Happy Fun Gun Time: The Kel-Tec PMR-30
I used to work in a gun store that catered to an older clientele. Retirees were our #1 source of customers, and they would often come in looking for a self-defense pistol. We’d start off with something like a Glock 19 or something similar, but operating the slide would prove to be too much for most elderly hands. We’d then move to revolvers, but the 10+ pound trigger pulls on those guns were just too much. That’s when I would walk them over to take a look at the Kel-Tec PMR-30.
Don’t get me wrong, the PMR-30 is a great little gun for almost everyone. It’s lightweight (extremely lightweight), has a great trigger, is fun to shoot, doesn’t really recoil, and packs a walloping 30 rounds in each magazine. What’s not to love about a gun like that? All those features make the Kel-Tec PMR-30 a great defensive pistol for people who cannot safely operate more conventional pistols. More than that, though, out of all the guns I’ve ever shot, it’s probably my favorite gun to take to the range. Let me explain why.
Kel-Tec PMR-30: First Impressions
The PMR-30 is a great example of Kel-Tec’s innovative approach to firearms. The pistol is extremely light. Unloaded, it weighs less than a pound, just 14 ounces. In fact, a fully loaded PMR-30 with an additional loaded 30 round magazine weighs about the same as an unloaded Glock 19. One of the reasons for this light weight is that the gun makes extensive use of polymers, including portions of the slide. The trigger is also light, breaking at only 3.5 pounds in our tests.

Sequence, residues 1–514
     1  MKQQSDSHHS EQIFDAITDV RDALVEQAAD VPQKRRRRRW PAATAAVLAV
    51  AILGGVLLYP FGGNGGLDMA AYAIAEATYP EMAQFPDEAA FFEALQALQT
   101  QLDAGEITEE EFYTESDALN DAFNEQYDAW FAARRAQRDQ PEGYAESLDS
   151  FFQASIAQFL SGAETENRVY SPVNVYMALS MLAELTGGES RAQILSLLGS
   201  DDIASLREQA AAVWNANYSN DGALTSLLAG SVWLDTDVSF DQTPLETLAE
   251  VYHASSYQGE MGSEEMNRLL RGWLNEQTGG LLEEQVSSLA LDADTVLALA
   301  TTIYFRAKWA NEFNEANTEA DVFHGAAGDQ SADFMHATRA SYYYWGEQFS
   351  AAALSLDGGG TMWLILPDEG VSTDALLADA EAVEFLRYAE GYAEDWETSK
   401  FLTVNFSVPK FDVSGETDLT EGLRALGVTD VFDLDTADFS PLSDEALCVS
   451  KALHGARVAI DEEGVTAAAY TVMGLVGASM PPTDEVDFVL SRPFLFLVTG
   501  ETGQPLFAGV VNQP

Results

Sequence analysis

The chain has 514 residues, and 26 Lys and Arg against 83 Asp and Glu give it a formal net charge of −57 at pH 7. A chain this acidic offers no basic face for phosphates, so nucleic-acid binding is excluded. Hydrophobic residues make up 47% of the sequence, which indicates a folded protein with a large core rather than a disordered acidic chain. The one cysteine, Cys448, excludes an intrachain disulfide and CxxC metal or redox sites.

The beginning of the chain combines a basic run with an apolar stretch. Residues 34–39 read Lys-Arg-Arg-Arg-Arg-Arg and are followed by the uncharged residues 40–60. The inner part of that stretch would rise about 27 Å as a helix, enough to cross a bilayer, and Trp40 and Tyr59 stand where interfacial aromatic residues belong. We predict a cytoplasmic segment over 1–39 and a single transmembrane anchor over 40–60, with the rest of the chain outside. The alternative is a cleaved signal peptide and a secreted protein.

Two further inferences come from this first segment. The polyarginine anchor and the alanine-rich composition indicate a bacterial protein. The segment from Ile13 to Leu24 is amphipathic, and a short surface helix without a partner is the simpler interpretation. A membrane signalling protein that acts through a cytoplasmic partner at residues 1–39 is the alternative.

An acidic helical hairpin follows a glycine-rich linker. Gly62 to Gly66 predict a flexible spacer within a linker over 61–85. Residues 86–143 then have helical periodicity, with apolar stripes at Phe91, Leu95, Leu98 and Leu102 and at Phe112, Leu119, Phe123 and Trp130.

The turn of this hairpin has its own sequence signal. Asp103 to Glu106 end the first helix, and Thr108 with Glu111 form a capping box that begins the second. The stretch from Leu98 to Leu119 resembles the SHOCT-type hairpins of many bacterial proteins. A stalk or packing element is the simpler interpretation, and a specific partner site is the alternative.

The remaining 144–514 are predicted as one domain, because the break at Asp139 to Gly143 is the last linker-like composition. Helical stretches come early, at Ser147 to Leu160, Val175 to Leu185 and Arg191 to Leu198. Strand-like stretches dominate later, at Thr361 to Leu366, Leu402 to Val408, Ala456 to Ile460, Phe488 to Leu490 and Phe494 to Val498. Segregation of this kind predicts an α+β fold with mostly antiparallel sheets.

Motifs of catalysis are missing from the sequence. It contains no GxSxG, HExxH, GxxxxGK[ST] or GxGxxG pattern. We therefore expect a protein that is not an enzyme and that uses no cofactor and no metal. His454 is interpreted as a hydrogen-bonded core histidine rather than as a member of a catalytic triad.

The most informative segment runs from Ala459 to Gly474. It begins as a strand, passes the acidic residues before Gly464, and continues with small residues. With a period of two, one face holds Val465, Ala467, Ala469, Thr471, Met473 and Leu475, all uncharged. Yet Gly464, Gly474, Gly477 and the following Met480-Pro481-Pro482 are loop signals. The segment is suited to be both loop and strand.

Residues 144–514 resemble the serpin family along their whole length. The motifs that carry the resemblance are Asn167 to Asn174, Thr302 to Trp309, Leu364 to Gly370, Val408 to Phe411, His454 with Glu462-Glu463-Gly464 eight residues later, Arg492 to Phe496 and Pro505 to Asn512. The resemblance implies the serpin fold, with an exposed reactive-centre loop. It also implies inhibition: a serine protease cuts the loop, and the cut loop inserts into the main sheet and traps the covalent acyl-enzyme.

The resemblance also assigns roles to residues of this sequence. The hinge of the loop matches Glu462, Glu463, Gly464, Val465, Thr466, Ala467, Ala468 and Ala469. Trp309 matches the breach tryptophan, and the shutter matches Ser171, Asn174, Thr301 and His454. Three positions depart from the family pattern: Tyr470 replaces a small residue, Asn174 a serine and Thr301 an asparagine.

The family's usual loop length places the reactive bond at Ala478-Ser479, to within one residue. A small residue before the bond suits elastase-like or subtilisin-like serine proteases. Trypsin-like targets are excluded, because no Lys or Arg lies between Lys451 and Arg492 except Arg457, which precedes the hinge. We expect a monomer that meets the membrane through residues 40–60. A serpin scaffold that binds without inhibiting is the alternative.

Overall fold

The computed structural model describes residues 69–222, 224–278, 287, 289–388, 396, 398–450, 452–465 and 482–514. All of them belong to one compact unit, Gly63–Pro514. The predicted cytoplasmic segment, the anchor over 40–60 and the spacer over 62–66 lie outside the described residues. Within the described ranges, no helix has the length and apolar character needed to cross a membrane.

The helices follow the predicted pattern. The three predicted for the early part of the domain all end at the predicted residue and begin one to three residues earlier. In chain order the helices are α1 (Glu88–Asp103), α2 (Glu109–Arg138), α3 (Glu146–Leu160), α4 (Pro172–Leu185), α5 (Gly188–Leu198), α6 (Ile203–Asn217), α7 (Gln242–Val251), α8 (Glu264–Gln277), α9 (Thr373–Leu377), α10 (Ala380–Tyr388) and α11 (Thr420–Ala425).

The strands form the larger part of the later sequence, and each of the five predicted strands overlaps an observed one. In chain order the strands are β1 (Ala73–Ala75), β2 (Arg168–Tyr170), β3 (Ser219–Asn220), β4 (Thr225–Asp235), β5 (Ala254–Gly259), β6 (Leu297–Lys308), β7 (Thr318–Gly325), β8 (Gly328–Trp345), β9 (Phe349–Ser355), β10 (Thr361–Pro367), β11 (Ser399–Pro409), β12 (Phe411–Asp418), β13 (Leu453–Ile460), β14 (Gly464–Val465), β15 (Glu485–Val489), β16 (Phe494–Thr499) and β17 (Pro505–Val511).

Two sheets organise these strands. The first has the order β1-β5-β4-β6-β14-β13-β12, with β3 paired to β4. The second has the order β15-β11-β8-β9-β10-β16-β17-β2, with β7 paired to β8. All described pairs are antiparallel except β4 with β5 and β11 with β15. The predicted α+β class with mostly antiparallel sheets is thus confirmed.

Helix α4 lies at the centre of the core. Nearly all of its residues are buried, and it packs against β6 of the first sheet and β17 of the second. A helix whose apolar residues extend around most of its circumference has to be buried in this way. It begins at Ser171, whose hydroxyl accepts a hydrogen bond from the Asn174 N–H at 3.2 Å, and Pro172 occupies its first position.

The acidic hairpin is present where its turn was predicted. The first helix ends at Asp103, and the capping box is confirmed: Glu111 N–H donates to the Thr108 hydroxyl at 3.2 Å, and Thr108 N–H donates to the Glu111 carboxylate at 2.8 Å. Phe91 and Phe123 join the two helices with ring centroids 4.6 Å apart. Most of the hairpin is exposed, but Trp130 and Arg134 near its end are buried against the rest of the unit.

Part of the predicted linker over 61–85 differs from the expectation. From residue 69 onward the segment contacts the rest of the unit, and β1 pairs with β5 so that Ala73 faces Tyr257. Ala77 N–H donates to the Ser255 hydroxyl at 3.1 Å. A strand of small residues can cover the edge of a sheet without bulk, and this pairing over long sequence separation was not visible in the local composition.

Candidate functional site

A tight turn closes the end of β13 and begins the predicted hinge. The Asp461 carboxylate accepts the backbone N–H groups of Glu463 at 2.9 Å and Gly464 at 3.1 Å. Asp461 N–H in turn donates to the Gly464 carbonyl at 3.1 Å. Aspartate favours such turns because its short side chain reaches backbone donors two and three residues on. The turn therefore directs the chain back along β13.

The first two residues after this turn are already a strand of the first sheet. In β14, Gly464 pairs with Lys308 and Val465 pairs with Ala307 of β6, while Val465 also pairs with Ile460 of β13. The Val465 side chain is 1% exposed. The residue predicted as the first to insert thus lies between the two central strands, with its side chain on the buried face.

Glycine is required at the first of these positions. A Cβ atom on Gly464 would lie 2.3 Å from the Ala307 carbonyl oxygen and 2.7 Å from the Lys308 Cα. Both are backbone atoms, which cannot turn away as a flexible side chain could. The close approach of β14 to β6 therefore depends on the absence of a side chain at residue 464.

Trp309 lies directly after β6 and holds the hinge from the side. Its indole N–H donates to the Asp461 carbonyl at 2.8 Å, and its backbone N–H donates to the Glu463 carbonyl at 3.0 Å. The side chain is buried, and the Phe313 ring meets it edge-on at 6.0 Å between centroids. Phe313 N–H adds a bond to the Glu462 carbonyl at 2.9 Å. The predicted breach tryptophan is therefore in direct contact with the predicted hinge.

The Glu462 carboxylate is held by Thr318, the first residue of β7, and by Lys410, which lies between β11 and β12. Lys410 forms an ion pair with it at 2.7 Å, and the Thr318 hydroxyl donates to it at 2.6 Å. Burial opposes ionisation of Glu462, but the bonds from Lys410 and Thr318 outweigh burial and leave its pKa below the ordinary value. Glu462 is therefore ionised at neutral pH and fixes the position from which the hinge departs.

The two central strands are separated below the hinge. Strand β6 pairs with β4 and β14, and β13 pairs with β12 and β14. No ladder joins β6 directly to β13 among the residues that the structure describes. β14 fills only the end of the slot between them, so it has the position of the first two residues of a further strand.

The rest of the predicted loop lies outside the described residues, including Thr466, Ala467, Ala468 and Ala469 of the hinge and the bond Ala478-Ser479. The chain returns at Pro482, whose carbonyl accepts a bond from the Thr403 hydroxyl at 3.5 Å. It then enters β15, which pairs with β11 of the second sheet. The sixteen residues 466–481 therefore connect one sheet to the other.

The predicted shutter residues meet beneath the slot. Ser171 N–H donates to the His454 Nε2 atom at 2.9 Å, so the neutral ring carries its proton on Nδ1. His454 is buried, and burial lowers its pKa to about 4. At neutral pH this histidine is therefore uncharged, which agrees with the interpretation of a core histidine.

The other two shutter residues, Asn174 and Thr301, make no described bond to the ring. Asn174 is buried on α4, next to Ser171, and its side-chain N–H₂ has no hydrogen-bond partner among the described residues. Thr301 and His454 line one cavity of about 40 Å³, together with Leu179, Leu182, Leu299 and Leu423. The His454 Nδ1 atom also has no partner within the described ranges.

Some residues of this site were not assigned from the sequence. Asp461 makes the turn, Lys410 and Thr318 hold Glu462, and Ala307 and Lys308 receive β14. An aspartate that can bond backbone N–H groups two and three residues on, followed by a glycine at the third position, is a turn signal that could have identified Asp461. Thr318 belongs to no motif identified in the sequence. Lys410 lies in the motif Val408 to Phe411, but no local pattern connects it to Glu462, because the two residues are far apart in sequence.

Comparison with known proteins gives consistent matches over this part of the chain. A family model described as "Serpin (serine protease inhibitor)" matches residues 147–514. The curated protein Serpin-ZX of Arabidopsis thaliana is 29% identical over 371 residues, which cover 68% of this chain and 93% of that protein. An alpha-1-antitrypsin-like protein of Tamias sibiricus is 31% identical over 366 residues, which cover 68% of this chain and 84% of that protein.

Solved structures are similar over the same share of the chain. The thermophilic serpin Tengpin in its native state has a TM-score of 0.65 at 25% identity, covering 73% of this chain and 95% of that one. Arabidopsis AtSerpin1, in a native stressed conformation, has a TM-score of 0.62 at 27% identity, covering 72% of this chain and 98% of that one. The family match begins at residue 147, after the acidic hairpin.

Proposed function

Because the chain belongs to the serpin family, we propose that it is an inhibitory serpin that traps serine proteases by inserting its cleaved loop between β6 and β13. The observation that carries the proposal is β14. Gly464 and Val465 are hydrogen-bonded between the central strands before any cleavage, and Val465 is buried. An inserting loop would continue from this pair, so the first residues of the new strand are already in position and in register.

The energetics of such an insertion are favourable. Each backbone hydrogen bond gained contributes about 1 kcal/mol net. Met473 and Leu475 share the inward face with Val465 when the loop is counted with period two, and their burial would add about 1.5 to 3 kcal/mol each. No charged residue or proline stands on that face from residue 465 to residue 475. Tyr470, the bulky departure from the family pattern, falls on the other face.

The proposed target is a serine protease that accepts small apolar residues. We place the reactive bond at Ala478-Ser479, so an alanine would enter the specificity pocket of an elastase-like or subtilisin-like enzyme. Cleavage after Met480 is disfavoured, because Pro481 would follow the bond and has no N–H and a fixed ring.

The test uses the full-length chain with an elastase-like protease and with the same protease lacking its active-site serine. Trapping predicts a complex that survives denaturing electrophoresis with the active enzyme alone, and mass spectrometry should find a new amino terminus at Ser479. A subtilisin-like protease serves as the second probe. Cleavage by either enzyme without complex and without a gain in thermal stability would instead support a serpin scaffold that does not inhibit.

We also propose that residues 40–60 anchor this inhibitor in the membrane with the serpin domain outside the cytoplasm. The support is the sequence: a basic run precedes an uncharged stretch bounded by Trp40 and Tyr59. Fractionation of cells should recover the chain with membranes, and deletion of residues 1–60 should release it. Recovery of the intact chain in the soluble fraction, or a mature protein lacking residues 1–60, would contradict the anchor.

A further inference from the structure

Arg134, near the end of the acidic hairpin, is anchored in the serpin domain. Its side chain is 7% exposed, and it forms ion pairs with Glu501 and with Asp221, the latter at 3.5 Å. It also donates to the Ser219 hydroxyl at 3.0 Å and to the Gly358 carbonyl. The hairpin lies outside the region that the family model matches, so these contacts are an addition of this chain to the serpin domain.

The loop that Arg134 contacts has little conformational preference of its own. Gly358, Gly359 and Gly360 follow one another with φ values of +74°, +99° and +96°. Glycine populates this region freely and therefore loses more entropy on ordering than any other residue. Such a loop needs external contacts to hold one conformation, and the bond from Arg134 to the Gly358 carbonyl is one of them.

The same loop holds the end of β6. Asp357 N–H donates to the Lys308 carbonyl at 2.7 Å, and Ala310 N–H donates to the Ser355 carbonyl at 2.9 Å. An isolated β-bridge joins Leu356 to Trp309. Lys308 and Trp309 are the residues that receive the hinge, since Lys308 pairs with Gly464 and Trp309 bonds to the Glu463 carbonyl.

Getting a rimmed cartridge like .22 Magnum to work in a magazine-fed semi automatic pistol can be a challenge. The rimmed edge of each cartridge can get stacked up against each other, and that leads to a failure to feed malfunction. The PMR30 gets around this issue by building a feed guide into the magazine that allows the rounds to stack properly inside. Speaking of those magazines, while it’s true they can hold 30 rounds, getting that many loaded is a challenge. The spring that feeds each round up to the firing chamber inside the PMR30 is very strong. Getting new rounds into the magazine gets progressively more difficult, putting an effective cap of 20 or so rounds in a magazine until those springs loosen up over time.
The innovation inside the Kel-Tec PMR-30 doesn’t stop with its magazine and what it’s made from. The muzzle energy of .22 Magnum ammunition can vary widely, which means the action of the PMR30 needs to be able to work reliably with everything from low-power plinking rounds to high-strength hunting and personal defense ammo. The PMR30 uses a unique hybrid action system that allows it to run smoothly with all sorts of .22 Magnum ammo. With higher-pressure loads, the barrel of the pistol moves slightly rearward with the slide like a traditional locked-breech action. When firing lower-pressure loads, the PMR-30 acts similar to blowback firearms, and the barrel does not move while the slide cycles the action.